Azerbaijan continues to adhere to the full implementation of humanitarian measures as envisaged by provisions of international humanitarian law and the 10 November trilateral statement. We urge Armenia to demonstrate similar approach and fulfill its obligations, instead of consistently bringing up obsolete conflict narratives and misrepresenting the facts on the ground as we witnessed today. Implementation of humanitarian measures is an indispensable part of broader efforts aimed at building confidence and promoting reconciliation between former sides to the conflict, and bringing about durable peace and security in the South Caucasus region. The two trilateral statements signed on 10 November 2020 and 11 January 2021 provide a clear and irreversible guidance to this end and thus, must be realized in a comprehensive manner without reservations.
We also would like to reply to the statement delivered on behalf of the EU and aligned countries, regarding the issue of access to the territories of Azerbaijan where the contingent of the Russian peacekeeping forces is located, as well as regarding the EU’s call on the exchange of POWs and detainees. Azerbaijan has been providing to the ICRC an unimpeded access to its conflict affected territories since the early 1990s. As it has already been mentioned, after the last year’s 44-day war, new realities on the ground emerged, necessitating adjustment of the ICRC’s activities to these realities. We expect the ICRC to apply the same approach in all internationally recognized territories of Azerbaijan and bring its operations in the formerly occupied territories of Azerbaijan in compliance with the new reality and international framework as envisaged by the UN General Assembly resolution 46/182. The same approach must be applied to all other humanitarian organizations.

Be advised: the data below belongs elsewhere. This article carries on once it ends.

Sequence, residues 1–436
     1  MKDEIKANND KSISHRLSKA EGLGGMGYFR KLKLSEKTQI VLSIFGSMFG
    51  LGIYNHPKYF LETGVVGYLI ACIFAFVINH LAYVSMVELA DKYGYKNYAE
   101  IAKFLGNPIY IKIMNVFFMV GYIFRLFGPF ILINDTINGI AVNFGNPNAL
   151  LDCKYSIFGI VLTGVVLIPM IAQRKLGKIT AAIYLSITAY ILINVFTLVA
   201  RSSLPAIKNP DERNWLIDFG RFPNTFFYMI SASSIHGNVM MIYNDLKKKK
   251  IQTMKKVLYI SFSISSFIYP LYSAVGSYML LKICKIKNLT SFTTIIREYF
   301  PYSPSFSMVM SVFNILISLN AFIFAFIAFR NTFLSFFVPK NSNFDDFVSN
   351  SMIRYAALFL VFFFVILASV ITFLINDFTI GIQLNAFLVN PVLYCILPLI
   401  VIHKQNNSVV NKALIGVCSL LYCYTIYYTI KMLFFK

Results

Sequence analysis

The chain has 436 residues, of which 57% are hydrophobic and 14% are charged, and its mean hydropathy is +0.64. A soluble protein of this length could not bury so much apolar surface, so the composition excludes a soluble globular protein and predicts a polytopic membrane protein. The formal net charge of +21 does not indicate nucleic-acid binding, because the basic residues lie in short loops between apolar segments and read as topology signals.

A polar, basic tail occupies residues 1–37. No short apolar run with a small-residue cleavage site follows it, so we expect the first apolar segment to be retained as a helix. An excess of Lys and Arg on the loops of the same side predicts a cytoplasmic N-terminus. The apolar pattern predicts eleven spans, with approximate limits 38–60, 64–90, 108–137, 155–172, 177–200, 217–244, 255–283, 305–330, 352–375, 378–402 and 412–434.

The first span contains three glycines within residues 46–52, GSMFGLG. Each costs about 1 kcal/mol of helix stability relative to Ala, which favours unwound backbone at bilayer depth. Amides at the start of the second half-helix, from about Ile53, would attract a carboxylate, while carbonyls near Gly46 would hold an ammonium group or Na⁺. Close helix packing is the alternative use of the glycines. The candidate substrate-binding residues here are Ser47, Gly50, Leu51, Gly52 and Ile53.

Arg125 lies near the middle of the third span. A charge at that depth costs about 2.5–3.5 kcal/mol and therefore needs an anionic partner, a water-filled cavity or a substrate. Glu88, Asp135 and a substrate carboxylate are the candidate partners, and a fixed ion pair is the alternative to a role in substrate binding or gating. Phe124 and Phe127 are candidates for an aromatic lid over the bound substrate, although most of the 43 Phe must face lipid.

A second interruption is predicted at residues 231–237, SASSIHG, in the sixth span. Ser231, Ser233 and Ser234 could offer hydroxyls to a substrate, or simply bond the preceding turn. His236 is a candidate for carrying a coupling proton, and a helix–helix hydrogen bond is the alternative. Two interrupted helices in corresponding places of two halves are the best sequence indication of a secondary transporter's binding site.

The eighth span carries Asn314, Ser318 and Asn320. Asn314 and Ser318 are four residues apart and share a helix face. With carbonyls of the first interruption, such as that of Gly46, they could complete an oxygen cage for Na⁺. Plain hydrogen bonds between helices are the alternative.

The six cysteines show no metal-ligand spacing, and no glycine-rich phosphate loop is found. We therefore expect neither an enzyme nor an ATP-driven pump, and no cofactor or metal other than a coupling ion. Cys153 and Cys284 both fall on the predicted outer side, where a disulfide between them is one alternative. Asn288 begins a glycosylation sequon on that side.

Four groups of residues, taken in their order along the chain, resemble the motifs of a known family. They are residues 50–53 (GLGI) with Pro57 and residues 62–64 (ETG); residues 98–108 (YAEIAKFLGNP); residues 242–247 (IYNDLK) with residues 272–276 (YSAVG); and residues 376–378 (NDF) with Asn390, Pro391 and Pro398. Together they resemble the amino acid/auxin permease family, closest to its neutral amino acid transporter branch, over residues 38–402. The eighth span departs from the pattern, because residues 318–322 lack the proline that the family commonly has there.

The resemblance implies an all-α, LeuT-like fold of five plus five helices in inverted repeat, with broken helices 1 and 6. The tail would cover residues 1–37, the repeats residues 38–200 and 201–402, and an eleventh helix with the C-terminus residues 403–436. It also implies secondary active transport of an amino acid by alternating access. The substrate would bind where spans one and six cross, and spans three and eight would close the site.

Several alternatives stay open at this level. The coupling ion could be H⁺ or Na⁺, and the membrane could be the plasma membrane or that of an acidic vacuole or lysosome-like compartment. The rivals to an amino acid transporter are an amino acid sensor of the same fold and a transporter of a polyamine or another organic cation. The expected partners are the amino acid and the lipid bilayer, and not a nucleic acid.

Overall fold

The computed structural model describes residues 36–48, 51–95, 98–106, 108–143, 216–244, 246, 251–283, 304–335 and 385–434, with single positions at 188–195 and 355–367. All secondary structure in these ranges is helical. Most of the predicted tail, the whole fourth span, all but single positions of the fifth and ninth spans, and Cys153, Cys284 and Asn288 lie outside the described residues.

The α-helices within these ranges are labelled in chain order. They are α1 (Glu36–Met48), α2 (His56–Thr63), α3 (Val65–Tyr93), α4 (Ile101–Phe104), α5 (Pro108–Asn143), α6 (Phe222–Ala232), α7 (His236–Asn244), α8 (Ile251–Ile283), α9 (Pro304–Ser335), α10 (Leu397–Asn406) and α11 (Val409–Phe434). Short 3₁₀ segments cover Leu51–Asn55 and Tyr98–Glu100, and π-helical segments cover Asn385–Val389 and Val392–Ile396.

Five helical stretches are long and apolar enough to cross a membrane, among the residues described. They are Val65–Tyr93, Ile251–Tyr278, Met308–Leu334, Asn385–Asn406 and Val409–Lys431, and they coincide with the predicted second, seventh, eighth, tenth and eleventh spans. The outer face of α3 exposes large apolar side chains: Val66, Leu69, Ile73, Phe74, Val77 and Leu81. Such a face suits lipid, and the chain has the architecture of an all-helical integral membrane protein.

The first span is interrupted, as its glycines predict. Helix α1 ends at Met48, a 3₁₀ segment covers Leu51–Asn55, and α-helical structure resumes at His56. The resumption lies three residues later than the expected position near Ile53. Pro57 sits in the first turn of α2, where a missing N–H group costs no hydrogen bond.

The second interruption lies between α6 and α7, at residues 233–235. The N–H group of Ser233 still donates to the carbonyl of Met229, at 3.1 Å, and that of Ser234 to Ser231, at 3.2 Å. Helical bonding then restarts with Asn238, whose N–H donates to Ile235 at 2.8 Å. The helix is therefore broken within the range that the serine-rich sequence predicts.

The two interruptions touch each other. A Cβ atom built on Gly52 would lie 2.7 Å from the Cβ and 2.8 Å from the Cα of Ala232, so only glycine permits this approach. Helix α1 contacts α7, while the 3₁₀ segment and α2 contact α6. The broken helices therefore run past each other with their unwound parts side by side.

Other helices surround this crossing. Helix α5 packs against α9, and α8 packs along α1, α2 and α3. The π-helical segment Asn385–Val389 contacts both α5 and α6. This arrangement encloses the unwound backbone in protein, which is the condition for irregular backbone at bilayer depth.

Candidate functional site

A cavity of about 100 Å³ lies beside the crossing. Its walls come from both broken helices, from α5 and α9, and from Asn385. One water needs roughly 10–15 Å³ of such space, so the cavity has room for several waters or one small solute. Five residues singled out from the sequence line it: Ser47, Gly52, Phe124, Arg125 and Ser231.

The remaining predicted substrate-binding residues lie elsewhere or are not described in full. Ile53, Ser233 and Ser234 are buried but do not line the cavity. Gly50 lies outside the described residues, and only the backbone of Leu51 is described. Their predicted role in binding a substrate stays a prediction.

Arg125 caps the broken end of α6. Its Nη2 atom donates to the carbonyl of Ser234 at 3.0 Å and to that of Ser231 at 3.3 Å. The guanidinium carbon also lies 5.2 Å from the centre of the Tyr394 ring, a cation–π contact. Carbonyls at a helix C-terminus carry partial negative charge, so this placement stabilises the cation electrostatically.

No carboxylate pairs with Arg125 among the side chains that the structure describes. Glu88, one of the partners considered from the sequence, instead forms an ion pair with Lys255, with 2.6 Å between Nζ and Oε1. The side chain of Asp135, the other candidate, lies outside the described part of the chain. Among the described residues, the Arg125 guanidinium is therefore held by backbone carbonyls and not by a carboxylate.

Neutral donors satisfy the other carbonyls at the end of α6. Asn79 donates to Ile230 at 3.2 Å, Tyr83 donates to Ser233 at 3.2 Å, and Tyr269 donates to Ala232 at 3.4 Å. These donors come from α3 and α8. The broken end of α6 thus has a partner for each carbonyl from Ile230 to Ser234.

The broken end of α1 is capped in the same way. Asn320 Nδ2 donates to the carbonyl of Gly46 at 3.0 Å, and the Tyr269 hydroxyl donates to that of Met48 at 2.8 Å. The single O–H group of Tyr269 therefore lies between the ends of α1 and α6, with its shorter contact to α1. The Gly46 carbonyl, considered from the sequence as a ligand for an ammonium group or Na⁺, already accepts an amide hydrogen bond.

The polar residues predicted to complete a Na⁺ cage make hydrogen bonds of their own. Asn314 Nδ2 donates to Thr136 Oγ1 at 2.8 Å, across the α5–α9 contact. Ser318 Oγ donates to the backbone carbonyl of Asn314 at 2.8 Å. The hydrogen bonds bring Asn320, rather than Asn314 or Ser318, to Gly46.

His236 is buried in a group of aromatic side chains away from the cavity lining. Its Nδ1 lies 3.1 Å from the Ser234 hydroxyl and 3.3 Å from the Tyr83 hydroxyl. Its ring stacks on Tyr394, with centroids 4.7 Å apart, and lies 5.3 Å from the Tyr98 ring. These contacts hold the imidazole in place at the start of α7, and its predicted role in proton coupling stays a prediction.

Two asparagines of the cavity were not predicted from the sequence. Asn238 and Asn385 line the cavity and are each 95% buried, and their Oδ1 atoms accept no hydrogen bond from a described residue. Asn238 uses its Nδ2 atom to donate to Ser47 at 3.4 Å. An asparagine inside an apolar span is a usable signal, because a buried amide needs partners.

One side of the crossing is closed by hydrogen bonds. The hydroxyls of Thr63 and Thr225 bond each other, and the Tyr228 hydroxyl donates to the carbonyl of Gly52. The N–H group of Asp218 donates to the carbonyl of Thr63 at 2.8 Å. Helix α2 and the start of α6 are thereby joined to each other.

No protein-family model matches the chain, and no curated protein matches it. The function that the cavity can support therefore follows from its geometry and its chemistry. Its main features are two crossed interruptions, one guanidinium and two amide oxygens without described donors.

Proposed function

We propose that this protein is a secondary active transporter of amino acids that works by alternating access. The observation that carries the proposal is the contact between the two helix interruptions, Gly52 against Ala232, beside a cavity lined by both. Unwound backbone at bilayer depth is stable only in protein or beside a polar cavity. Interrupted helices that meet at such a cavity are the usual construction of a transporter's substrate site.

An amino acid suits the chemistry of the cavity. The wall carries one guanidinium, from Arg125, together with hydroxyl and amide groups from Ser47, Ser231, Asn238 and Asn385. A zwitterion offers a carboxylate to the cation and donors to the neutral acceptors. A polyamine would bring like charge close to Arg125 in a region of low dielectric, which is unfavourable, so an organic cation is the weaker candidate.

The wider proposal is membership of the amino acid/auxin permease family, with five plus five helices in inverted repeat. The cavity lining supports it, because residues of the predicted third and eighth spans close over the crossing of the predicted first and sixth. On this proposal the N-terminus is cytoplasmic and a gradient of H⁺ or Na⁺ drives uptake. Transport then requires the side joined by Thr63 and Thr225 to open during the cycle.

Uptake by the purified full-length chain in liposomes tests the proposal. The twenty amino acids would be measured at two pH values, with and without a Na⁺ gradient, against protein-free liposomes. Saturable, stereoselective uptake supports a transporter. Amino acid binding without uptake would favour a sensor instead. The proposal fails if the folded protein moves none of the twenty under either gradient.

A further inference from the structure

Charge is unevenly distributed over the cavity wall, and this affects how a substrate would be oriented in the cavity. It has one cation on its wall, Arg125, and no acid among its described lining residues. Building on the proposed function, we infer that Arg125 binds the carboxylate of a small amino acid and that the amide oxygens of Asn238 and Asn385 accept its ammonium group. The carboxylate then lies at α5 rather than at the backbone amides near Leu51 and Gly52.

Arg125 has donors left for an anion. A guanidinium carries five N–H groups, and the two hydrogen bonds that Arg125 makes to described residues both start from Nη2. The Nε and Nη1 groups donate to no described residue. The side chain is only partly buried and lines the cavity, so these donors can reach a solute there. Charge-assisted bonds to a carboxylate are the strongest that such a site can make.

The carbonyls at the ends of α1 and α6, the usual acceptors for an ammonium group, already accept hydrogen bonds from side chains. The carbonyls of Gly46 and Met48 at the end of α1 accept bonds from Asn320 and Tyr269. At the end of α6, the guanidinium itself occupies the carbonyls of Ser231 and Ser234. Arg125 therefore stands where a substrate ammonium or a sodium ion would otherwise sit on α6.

As to the issue of POWs and detainees, it is quite strange to hear such a call from the EU and aligned countries. When a significant part of the internationally recognized territories of Azerbaijan was occupied by Armenia for nearly three decades, when ethnic cleansing was carried out against Azerbaijani civilian population in these territories, when Azerbaijani POWs and detainees were held by Armenia, torture and inhumane treatment was inflicted upon them, when thousands of people went missing as a result of Armenia’s aggression against Azerbaijan, when two Azerbaijani civilians were illegally detained, tortured and inhumanely treated by Armenian authorities between 2014 and 2020, when Azerbaijani cultural and religious heritage in the formerly occupied territories of Azerbaijan was destroyed and damaged by Armenia, we somehow have not been witnessing such resolute calls by the EU concerning these wrongdoings. Thus, we are of the view that the current position and calls of the EU is a clear case of double standards, and Azerbaijan rejects such an approach.